Dentist Kunal Shah ponders PROPACS, GDPR, and asks: “X-ray reporting – Are you protected?”
CBCT scans are crucial for treatment planning in dental implant therapy. To ensure the process of taking and reading CBCT scans is compliant with regulations, you must consider who is the referrer, who is the operator and who is the practitioner. The referrer requests the CBCT scan, the operator acquires the image and the practitioner is responsible for justifying the need for a CBCT and reporting on it.
In some cases, one dentist could be all three, while in others, there will be multiple professionals involved. This is crucial, as one of the steps may be outside the remit of a dentist.
The first two stages present few problems – so long as the dentist is sufficiently trained and informed to know when a CBCT scan is needed, their request/referral is supported. With regards to implant treatment, for example, the dentist needs the X-ray to acquire clinical information necessary to plan treatment accurately. Similarly, if you have the competence to physically use the CBCT equipment and take the scan, then you’ll face no problems as the operator.
However, complications arise when the dentist is the practitioner, as they are responsible for justifying and reporting on the scan produced. Because radiology is not necessarily the dentist’s speciality, it is easy to see how things might be missed. The danger here is that most dentists typically go into tunnel-vision mode when reading the scans – other than checking for generalised issues, we often only examine the specific area of concern in any detail.
For example, when treatment planning a dental implant in the lower arch, most oral surgeons will concentrate on the anatomy of the bottom arch and may therefore miss an abnormality in the upper arch. While this might not affect the implant treatment at that time, the practitioner is still responsible for reporting on everything that can be seen in the radiograph. This might include reporting on TMJ features, regardless of whether this affects implant treatment.
There might also be the risk of missing any abnormalities that fall outside the remit of a dentist and are better diagnosed by a general medical professional. For example, thrombosis can be detected on a radiograph. This is a completely medical condition and not one that a dentist would be expected to find. However, if a dentist has taken on responsibility for reporting on an x-ray, they would be held accountable for identifying the symptoms of thrombosis, as well as any dental concerns.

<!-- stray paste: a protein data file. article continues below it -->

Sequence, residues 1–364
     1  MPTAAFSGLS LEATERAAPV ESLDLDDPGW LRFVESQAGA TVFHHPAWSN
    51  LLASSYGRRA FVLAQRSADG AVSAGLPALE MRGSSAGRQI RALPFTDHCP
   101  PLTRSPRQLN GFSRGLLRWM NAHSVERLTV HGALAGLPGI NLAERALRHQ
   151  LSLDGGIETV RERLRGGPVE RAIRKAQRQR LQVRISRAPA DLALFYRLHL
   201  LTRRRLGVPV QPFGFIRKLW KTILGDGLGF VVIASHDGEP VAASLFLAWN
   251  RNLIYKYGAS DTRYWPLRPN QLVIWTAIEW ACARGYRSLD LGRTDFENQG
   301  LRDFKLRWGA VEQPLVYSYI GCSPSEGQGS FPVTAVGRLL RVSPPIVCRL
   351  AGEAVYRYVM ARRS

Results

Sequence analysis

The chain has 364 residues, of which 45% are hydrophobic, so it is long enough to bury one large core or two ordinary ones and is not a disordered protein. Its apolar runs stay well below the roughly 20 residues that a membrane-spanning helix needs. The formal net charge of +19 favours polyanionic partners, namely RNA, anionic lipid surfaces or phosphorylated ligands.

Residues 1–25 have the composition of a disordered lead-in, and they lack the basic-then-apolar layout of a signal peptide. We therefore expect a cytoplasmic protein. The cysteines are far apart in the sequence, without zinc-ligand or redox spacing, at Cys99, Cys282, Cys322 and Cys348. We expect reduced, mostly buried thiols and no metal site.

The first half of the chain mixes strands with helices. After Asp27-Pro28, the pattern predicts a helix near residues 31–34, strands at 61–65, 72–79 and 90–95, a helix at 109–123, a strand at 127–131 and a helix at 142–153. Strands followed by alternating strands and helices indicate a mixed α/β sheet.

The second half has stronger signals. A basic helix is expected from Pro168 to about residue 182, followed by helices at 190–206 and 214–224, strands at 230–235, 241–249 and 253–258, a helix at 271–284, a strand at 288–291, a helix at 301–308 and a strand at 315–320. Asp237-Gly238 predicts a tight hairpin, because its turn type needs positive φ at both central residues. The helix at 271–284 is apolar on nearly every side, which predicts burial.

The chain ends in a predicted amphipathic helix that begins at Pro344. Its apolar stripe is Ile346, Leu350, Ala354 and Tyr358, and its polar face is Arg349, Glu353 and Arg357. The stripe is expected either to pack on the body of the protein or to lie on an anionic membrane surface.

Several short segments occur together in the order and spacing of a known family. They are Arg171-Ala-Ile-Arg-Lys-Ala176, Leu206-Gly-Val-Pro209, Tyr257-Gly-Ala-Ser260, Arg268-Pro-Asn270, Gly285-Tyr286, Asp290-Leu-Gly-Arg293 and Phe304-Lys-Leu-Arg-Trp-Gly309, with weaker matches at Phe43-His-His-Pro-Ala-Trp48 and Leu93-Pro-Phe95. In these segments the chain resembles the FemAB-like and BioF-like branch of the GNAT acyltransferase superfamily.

Similarly, osteopenia/osteoporosis can be detected on a radiograph and this is not something that even a highly experienced dentist would diagnose. The regulations are designed to ensure the patient receives all the relevant information that can be gleaned from their X-ray, maximising the usefulness of their radiation exposure and allowing them to act on it accordingly.
Benefits of working with a specialist
Reporting by a specialist radiologist eliminates the risk of missing anything from an x-ray. They will automatically look at everything presented on the image and deliver a full report on any detectable anomaly. They will also have training and experience within the general medical field, meaning they can identify and report on any issues beyond the expertise of a dentist.
As the dentist, you may not need all this information to plan your implant – or any other type of dentistry for that matter – but it is still important to ensure that there are no underlying issues that could affect treatment. It is equally as relevant when considering longevity of dental treatment.
If an issue arose several years after an implant was placed and it turned out that the problem could have been found early in the original X-rays, the dentist would be responsible and could face legal consequences. As such, delegating the role of reporting on a radiograph to an expert provides the practitioner with medico-legal protection.
This was why I became involved with the PROPACS system from Pro Diagnostics UK. It provides detailed reports by specialist radiologists, with which I have worked with the team to ensure they are as systematic and clear as possible. I simply take the radiograph and send it securely to the experts for review.
Another benefit of the system is that it aids compliance with GDPR – this is a huge issue for dentists right now so anything that helps compliance is more than welcome! Ultimately, it provides me with confidence that I will be protected against any issues that might arise in the future.
In addition, by working with an expert radiologist I know I am delivering the best possible service to my patients. By combining two different specialities, my patients have complete confidence they are receiving the most appropriate treatment – now and into the future.